We may listen to a sermon, and approve of every word it contains, and yet get no good from it, in consequence of the absorbing influence of this world. Our hearts, like the "thorny ground," may be choked with a noxious crop of cares, pleasures, and worldly plans. We may really like the Gospel, and wish to obey it, and yet insensibly give it no chance of bearing fruit, by allowing other things to fill a place in our affections, and insensibly to fill our whole hearts. Alas! there are many such hearers! They know the truth well. They hope one day to be decided Christians. But they never come to the point of giving up all for Christ's sake. They never make up their minds to "seek first the kingdom of God,"--and so die in their sins.
These are points that we ought to weigh well. We should never forget that there are more ways than one of hearing the word without profit. It is not enough that we come to hear. We may come, and be careless. It is not enough that we are not careless hearers. Our impressions may be only temporary, and ready to perish. It is not enough that our impressions are not merely temporary. But they may be continually yielding no result, in consequence of our obstinate cleaving to the world. Truly "the heart is deceitful above all things, and it is exceedingly corrupt--who can know it?" (Jerem. 17:9.)
In the last place, let us learn from this parable, that there is only one evidence of hearing the word rightly. That evidence is to BEAR FRUIT. The fruit here spoken of is the fruit of the Spirit. Repentance towards God, faith towards the Lord Jesus Christ, holiness of life and character, prayerfulness, humility, charity, spiritual-mindedness--these are the only satisfactory proofs that the seed of God's word is doing its proper work in our souls. Without such proofs, our religion is vain, however high our profession. It is no better than sounding brass and a tinkling cymbal. Christ has said, "I have chosen you, and appointed you, that you should go and bear fruit." (John 15:16.)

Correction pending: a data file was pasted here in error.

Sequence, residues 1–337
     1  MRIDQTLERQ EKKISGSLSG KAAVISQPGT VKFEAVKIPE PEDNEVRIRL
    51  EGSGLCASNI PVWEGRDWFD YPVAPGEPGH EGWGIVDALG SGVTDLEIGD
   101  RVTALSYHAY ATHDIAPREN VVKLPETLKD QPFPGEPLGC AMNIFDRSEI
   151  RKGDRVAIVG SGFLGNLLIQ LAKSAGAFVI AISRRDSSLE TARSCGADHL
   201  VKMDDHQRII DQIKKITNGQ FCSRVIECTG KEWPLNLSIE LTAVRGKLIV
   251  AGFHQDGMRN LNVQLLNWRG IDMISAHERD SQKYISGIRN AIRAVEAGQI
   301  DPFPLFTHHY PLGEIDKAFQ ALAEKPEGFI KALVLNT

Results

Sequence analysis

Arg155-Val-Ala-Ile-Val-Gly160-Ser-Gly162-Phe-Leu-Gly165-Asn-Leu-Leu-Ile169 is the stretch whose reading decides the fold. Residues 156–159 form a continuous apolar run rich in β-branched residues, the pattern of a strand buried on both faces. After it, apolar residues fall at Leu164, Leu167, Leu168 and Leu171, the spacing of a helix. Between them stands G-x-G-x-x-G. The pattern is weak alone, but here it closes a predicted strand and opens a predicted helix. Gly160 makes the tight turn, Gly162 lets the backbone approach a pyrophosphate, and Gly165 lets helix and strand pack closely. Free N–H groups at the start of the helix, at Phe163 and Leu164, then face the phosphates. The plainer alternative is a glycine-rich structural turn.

There is no part of the whole parable more important than this. We must never be content with a barren orthodoxy, and a cold maintenance of correct theological views. We must not be satisfied with clear knowledge, warm feelings, and a decent profession. We must see to it that the Gospel we profess to love, produces positive "fruit" in our hearts and lives. This is real Christianity. Those words of James should often ring in our ears, "Be doers of the word, and not hearers only, deluding your own selves." (James 1:22.)
Let us not leave these verses without putting to ourselves the important question, "How do WE hear?" We live in a Christian country. We go to a place of worship Sunday after Sunday, and hear sermons. In what spirit do we hear them? What effect have they upon our characters? Can we point to anything that deserves the name of "fruit?"
We may rest assured that to reach heaven at last, it needs something more than to go to Church regularly on Sundays, and listen to preachers. The word of God must be received into our hearts, and become the mainspring of our conduct. It must produce practical impressions on our inward man, that shall appear in our outward behavior. If it does not do this, it will only add to our condemnation in the day of judgment.